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dc.contributor.authorOcama, P.
dc.contributor.authorNambooze, S.
dc.contributor.authorOpio, C. K.
dc.contributor.authorShiels, M. S.
dc.contributor.authorWabinga, H. R.
dc.contributor.authorKirk, G.D.
dc.date.accessioned2022-05-01T21:50:41Z
dc.date.available2022-05-01T21:50:41Z
dc.date.issued2009
dc.identifier.citationOcama, P., Nambooze, S., Opio, C. K., Shiels, M. S., Wabinga, H. R., & Kirk, G. D. (2009). Trends in the incidence of primary liver cancer in Central Uganda, 1960–1980 and 1991–2005. British journal of cancer, 100(5), 799-802. doi:10.1038/sj.bjc.6604893en_US
dc.identifier.other10.1038/sj.bjc.6604893
dc.identifier.urihttps://nru.uncst.go.ug/handle/123456789/3108
dc.description.abstractTrends in primary liver cancer (PLC) incidence rates will generally reflect temporal changes in exposure to aetiological agents. Worldwide, and in sub-Saharan Africa in particular, the great majority of PLCs are hepatocellular carcinomas (HCCs). In North America and Europe at present, HCCs are one of the few cancers observed with increasing incidence (Taylor-Robinson et al, 1997; El-Serag, 2004; West et al, 2006), largely attributed to earlier exposure to hepatitis C virus (HCV) (Davila et al, 2004). Prevalence of obesity and diabetes has also been increasing in these populations during concurrent time periods and has been suggested as another possible aetiological factor in rising HCC rates (Calle et al, 2003; El-Serag et al, 2004). However, trends in HCC rates from other regions are less clear. In particular, limited data exist from regions where HCCs is primarily attributable to chronic hepatitis B viral infection. In Asia, HCC rates may be declining (Goh, 1997; McGlynn et al, 2001). Reductions in HCC incidence among young children in Taiwan has been linked to nation-wide hepatitis B vaccination (Chang et al, 1997). In sub-Saharan Africa, hepatitis B viral infection is endemic and the attributable fraction of HCCs due to hepatitis B virus (HBV) is high (B60%) (Kirk et al, 2004; Parkin, 2006). Further, most African countries do not routinely provide or only recently initiated hepatitis B vaccination as part of their national immunisation programmes. Urbanisation, obesity, and HIV infection might also affect HCC rates in Africa. To characterise temporal trends in HCC rates within an urban African population, we evaluated cancer registry data collected in Central Uganda from 1960 through 2005.en_US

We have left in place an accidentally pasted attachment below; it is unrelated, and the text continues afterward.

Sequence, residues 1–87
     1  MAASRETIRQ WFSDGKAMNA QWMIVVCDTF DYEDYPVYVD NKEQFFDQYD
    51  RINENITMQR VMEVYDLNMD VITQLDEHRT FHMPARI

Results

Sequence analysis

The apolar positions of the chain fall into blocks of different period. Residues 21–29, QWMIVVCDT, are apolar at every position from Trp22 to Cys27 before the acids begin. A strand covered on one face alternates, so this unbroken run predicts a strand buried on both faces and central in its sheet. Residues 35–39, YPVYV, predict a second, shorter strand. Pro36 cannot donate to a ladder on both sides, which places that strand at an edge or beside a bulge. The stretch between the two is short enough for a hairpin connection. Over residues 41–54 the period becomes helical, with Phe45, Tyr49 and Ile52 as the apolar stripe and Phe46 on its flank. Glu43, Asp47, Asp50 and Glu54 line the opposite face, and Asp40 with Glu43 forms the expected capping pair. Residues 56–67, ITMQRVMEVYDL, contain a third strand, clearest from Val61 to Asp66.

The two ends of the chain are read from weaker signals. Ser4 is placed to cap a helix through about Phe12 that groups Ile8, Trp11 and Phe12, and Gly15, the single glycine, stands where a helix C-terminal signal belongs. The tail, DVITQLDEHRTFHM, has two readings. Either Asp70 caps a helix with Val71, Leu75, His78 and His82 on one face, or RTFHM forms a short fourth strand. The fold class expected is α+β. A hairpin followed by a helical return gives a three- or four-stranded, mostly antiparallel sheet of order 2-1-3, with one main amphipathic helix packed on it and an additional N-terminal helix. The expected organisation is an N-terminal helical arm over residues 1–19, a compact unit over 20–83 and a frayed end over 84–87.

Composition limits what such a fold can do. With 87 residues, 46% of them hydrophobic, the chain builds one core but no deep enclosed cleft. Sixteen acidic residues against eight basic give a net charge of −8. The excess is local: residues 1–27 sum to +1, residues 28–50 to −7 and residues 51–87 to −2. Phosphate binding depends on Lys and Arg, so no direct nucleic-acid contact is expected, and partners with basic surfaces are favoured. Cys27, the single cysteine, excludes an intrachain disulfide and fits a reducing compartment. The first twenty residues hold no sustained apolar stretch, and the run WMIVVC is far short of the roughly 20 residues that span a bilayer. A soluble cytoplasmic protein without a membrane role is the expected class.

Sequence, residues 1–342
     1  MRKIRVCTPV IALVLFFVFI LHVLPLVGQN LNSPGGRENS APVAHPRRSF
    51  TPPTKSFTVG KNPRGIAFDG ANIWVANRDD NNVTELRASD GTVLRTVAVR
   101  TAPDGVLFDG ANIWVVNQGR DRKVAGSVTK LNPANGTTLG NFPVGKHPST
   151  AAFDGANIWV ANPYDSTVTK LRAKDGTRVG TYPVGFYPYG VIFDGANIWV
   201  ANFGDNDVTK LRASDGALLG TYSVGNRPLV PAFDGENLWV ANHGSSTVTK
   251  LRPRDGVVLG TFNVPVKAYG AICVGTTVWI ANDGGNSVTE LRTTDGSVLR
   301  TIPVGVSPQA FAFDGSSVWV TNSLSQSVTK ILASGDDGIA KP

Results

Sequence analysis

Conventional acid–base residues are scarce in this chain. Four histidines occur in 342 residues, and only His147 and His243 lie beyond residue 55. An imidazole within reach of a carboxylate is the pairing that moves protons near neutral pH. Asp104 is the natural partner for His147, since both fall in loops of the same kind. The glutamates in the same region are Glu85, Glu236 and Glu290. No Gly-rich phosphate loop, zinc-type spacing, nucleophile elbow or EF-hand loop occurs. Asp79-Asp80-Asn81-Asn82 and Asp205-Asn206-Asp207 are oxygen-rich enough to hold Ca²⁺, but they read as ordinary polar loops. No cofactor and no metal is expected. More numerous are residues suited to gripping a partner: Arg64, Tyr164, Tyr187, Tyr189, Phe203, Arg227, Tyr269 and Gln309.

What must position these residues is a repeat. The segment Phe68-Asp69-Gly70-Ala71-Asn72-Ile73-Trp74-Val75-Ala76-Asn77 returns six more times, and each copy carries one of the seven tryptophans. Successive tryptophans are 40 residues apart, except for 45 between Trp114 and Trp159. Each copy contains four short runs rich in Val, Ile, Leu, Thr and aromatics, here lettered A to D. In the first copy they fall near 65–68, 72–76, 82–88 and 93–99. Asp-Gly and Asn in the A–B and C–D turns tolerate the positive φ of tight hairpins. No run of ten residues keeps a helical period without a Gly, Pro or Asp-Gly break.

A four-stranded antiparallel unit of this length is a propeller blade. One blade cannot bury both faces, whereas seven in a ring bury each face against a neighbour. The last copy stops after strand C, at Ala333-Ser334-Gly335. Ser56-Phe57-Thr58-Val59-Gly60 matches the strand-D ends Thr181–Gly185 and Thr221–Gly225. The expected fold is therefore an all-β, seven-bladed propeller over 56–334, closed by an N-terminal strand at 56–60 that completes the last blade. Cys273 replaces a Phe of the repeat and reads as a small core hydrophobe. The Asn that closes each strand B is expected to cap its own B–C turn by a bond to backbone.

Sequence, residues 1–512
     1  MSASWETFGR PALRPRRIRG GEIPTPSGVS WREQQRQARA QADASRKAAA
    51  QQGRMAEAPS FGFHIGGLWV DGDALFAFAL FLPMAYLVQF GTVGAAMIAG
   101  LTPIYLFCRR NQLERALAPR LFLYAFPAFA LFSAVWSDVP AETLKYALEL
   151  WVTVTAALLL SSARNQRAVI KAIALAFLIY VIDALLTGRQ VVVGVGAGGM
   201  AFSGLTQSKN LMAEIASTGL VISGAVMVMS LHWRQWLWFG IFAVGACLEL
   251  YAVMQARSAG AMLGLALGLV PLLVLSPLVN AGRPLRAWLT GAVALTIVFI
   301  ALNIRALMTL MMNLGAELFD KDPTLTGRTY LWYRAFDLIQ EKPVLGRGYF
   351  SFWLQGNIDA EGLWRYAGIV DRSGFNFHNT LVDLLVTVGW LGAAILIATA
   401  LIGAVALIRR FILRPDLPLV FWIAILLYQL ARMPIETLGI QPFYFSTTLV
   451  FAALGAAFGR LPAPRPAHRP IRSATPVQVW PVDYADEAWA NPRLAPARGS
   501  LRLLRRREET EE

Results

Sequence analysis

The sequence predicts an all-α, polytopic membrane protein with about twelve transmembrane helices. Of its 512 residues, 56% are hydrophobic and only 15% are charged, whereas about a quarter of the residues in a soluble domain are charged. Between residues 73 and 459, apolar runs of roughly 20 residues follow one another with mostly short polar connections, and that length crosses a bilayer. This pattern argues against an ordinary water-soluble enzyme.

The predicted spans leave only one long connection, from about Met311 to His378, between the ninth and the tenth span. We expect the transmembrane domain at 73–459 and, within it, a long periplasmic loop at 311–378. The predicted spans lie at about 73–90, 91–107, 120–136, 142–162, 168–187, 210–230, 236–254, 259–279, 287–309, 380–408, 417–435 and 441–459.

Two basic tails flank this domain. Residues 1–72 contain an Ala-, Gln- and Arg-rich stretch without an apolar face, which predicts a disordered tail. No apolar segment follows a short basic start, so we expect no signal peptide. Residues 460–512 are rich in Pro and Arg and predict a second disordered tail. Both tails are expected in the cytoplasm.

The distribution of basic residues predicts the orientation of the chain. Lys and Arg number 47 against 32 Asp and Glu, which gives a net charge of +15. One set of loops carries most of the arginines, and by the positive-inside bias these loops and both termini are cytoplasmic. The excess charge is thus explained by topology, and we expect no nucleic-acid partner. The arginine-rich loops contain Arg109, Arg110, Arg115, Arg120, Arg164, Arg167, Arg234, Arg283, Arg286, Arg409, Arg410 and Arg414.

dc.language.isoenen_US
dc.publisherBritish journal of canceren_US
dc.subjectPrimary liver canceren_US
dc.subjectHepatocellular carcinomaen_US
dc.subjectCancer registryen_US
dc.subjectAfricaen_US
dc.subjectGender differencesen_US
dc.subjectHuman immunodeficiency virus/ acquired immunodeficiency syndrome (HIV/AIDS)en_US
dc.titleTrends in the incidence of primary liver cancer in Central Uganda, 1960–1980 and 1991–2005en_US
dc.typeArticleen_US


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